This is a guest post by Michele M. Reynolds of the Writer + Wilderness Girl Under it All blog. She’s a self-published author with three books in print and another coming Summer 2013.
Breaking up (a reader from your book) is hard to do. Sometimes readers are able to limp through a book’s rough beginning. At times the bibliophile will still hang on through a weak middle. Even a bibliomaniac will not forgive a bad ending. The ending is what he/she was running toward the whole book. Don’t have your reader running toward the finish line with no tape, cheering fans, or ride home waiting for them. One of the biggest complaints from editors and readers is an unsatisfying or bad ending.
Steps toward a Good Ending:
Howdy! Aubrey Hansen here. If you’re a fan of Jordan’s, you’ve probably seen my name in passing. We’re what you might call partners in crime when it comes to storytelling. He produced my first short script “A House for Marge,” and I’m a story supervisor and screenwriter for his web series Month of the Novel. He’s mentioned in the special thanks of my latest book, and I’m mentioned in his. Basically, if I’ve written it, he’s helped me develop it, and if he’s written it, I’ve either helped develop it or raved enthusiastically about it.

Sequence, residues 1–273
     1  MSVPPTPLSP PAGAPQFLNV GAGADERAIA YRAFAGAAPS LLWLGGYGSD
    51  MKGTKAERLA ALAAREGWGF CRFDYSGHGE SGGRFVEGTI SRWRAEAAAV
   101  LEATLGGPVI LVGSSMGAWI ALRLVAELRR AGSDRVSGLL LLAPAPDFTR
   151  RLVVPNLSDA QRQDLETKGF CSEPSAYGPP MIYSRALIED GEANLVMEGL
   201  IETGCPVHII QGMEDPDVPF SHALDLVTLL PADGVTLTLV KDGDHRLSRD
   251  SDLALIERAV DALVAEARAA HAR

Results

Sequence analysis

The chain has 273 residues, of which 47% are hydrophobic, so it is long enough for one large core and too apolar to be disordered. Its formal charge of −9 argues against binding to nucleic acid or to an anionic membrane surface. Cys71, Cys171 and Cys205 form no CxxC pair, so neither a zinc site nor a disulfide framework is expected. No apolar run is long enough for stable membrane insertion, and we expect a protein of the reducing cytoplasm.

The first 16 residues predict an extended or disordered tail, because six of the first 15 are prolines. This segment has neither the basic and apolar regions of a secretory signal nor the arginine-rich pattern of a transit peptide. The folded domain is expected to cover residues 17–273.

So it should come to no surprise to anyone that he asked me to write a guest post for his shiny new blog. Anyone who knows me also won’t be surprised by his requested topic—world-building. What will hopefully surprise most of you, however, is the thesis I wish to present:
You shouldn’t world-build.
That’s what I said. Don’t. Don’t world-build. Whatever other writers tell you, don’t listen to them! If you’ve already started world-building, get out while you still can. It’s a slippery slope into a dark crevice with no foreseeable bottom; once you get in over your head in world-building, you’ll never get back out. Continue reading Why Nobody Should World-Build